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Leave Against
Medical Advice
Ahmad Thanin
Definitions
• The patient/patient's representative requests discharge from the hospital and the attending
clinician considers that discharge may result in serious patient risk resulting in an adverse
health outcome.
Leave Against Medical Advice (LAMA):
• The patient/patient's representative refuses to undergo diagnostic or therapeutic procedures
or refuses to follow the treatment plan as recommended by the attending clinician.
Against Medical Advice (AMA):
• is responsible for the care of the patient.
Primary / Attending Clinician:
• include but are not limited to victims of assault, injury to a child caused by either
or both parents or any party known to them, or serious notifiable conditions or
communicable diseases that could pose a threat to the community.
Special circumstances / suspicious situations:
• when signed, releases the attending clinician, the hospital from liability for
problems and complications resulting from the patient’s decision to be
discharged or to refuse care against medical advice.
Against Medical Advice (AMA) Form:
• refers to the individual who gives consent on behalf of the patient when the
patient is unable to do so by him or herself.
Patient’s representative”
“Patient’s
representative”
• According to the Saudi legal system,
the order of kinship hierarchy is as
follows:
• spouse (husband or wife)
• an adult son or daughter.
• Parent.
• adult brothers or sisters,
• other adult relatives.
Left Without Being Seen
In this scenario, the
patient has not yet
interacted with a
physician.
There is not much to do
here as long as the
provider never met the
patient, if so, they would
be in a different category.
There are no known cases
where the ED, or ED
Providers, have been sued
and found to be at fault or
responsible for an
outcome.
People have the right to
walk in and walk out as
they choose.
The Eloped Patient
If the provider has met the patient and they leave the department before completion of their work-
up or before having had the AMA discharge conversation, they are considered to have eloped.
Most departments have their own policy for this situation, it is recommended to follow your own
departmental policy. If not, here are a few things to do:
• Look for the patient a few times (once every 20 minutes for an hour)
• If witnessed by RN, have them document the time the patient left as well as the status of their IV.
• If an IV is still in place, first try to contact the patient and then their emergency contact.
• If no success, contact the police non-emergently to aid in locating the patient.
• Review sent labs, if there are any critical values contact the patient or their emergency contact and advise to return to this or
the closest ED.
• If there are any life-threatening findings and the patient is unable to be contacted, contact the police non-emergently.
• Document the time you were made aware the patient left as well as your attempts to contact them.
• If prior to desertion the patient was awake and alert and appeared to have capacity, document this.
• If the patient is at risk and you are truly uncertain of capacity, notify the police and document as such.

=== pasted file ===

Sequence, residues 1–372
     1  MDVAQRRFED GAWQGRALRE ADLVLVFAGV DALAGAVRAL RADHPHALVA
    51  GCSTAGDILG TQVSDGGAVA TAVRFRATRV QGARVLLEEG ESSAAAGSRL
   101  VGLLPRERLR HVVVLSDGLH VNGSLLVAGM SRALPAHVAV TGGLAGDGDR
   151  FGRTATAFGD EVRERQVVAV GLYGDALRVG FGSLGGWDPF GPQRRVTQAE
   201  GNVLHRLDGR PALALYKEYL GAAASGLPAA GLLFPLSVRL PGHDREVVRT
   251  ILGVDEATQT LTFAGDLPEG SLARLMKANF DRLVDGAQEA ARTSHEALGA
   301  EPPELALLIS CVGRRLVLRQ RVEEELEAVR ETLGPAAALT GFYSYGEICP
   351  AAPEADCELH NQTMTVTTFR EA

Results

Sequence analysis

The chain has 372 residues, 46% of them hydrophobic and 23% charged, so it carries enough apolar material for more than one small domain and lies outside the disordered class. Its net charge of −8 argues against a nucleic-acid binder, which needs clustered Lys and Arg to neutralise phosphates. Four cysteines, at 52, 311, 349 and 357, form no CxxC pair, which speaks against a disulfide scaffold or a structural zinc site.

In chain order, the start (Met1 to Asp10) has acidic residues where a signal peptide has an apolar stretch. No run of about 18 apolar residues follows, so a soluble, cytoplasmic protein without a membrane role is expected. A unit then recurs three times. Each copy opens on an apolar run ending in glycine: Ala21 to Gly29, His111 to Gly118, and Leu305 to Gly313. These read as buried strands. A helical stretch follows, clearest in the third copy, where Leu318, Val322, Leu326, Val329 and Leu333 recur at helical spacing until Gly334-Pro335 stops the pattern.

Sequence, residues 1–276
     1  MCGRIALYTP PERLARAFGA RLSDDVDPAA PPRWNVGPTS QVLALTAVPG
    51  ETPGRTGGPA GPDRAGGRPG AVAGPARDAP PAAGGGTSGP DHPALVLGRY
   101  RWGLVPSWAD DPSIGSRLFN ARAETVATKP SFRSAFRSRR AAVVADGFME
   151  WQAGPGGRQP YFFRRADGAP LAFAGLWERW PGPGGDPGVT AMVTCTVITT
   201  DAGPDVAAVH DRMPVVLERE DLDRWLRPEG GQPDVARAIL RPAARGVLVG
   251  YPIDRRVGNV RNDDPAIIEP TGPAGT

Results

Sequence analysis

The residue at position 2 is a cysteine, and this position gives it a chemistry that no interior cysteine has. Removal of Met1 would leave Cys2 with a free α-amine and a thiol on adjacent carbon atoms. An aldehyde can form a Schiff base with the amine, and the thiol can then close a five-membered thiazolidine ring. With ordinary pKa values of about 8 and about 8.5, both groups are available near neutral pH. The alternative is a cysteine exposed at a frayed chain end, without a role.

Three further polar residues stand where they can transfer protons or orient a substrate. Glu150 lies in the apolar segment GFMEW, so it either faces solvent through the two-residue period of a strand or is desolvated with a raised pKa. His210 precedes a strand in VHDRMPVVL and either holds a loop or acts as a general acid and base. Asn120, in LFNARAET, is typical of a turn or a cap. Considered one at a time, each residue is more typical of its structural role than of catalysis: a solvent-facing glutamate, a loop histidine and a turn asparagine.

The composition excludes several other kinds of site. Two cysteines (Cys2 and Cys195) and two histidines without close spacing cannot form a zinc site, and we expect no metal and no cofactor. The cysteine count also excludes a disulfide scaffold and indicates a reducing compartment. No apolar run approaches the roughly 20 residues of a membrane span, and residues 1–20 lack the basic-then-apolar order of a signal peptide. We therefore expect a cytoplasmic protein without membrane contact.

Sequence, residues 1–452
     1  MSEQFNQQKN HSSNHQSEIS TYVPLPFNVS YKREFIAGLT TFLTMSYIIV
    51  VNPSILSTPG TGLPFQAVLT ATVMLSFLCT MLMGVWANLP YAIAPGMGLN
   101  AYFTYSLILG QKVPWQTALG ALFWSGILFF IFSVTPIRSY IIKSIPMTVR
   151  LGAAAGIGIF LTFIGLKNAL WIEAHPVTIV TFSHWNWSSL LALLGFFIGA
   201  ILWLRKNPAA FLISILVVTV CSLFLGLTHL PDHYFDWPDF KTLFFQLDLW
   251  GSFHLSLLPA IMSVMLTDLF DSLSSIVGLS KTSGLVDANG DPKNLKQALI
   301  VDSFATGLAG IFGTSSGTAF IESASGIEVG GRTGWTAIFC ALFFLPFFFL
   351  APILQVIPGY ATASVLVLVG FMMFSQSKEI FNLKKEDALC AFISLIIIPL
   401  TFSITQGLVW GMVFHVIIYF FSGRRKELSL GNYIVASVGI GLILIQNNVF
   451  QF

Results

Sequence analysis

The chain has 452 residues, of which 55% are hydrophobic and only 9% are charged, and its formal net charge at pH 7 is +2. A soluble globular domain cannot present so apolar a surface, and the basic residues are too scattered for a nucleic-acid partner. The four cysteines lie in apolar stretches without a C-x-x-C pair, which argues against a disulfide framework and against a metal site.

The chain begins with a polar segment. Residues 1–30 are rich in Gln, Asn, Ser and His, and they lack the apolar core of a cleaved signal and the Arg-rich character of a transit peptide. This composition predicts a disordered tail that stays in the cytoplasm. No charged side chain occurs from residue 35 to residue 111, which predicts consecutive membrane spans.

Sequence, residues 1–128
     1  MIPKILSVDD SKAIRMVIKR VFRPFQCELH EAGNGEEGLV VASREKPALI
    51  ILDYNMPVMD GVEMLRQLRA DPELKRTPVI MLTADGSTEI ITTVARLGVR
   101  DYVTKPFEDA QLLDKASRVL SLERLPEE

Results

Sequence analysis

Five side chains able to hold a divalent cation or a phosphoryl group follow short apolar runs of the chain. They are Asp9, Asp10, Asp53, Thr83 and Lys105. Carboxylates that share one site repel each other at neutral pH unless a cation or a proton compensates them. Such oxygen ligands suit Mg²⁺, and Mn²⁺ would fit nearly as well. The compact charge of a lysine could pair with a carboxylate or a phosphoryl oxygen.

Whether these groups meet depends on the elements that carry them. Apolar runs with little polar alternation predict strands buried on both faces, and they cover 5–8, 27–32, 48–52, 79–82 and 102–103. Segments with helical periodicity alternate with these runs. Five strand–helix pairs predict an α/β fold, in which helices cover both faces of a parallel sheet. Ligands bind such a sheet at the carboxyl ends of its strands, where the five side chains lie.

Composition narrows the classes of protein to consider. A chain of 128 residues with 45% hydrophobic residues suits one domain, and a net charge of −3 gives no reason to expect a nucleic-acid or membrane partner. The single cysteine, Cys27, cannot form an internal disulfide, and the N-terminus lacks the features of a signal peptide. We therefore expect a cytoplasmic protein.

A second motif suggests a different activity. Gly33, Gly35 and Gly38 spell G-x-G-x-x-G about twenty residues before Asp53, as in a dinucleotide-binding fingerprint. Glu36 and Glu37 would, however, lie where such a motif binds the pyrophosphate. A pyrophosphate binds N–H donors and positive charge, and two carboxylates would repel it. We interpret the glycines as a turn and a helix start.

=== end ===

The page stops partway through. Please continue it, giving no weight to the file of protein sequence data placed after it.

Understanding Patient
Motivation to AMA
Financial/Employment Caring for Dependents
Undermanaged Drug
Withdrawal, Pain, or Other
Symptoms
Perception of
Stigmatization/Discrimination
by Healthcare Provider
Unclear Expectations (e.g.,
timing of procedures, NPO
status, overall care plan)
Disagreements with Discharge
Planning
How to
Navigate an
AMA Discharge
in the
Emergency
Department
The capacity of a patient to make the decision to
leave the hospital against medical advice is the
most important feature of the AMA discharge
process. There are four basic elements to capacity:
The ability to communicate with the
provider
The understanding of treatment options
including the option of refusal
The ability to reason and explain ‘why’ he
or she is making the choice
The understanding of consequences of
choices
LAMA Process
1- Investigate
Investigate barriers to
communication (and
resolve them if able)
Investigate patient’s
rational for wanting to
leave AMA
Investigate if anyone else
can help convince the
patient (family, friend,
PCP).
2- Discuss
Discuss working or actual
diagnosis and findings
Discuss recommended
course of treatment
including alternatives and
comfort measures you can
provide
Discuss risks of refusing
treatment, including
disability/death
3- Evaluate Understanding
Have the patient explain
their diagnosis/findings in
their own words. “I
understand” is not enough
Have the patient explain
the consequences of them
leaving AMA.
4- Allow the AMA
Go over discharge
instructions including
reasons to return
Ensure the patient
understands that they can
return at any time
Have the patient sign the
AMA form. For a witness,
use a family member if
possible, or an RN
CURVES”
MNEUMONI
C FOR
ASSESSMENT
OF CAPACITY
THE “AIMED”
APPROACH
Patients that Lack Capacity
Patients have a fundamental right to refuse care, however those that lack
decision-making capacity or are at risk for harm to self or others cannot refuse
treatment, and therefore cannot leave AMA.
The ED provider has an obligation to try and restore decision-making capacity as
soon as possible. Some steps to do this include:
• Locating a surrogate decision maker
• If there is no designated healthcare POA, in most states the hierarchy is: Adult Spouse > Adult
Children > Parents of Patient
• Locating an Advance Directive
• Reassessments of Capacity over time (sober reassessments)
Documentation
A well written addendum for an AMA discharge will include the following:
• Discussion of the treatment(s) offered
• Discussion of the risks/benefits of further treatment and for no treatment
• Reasons for refusal
• Efforts taken at negotiating with the patient including possible alternative treatments,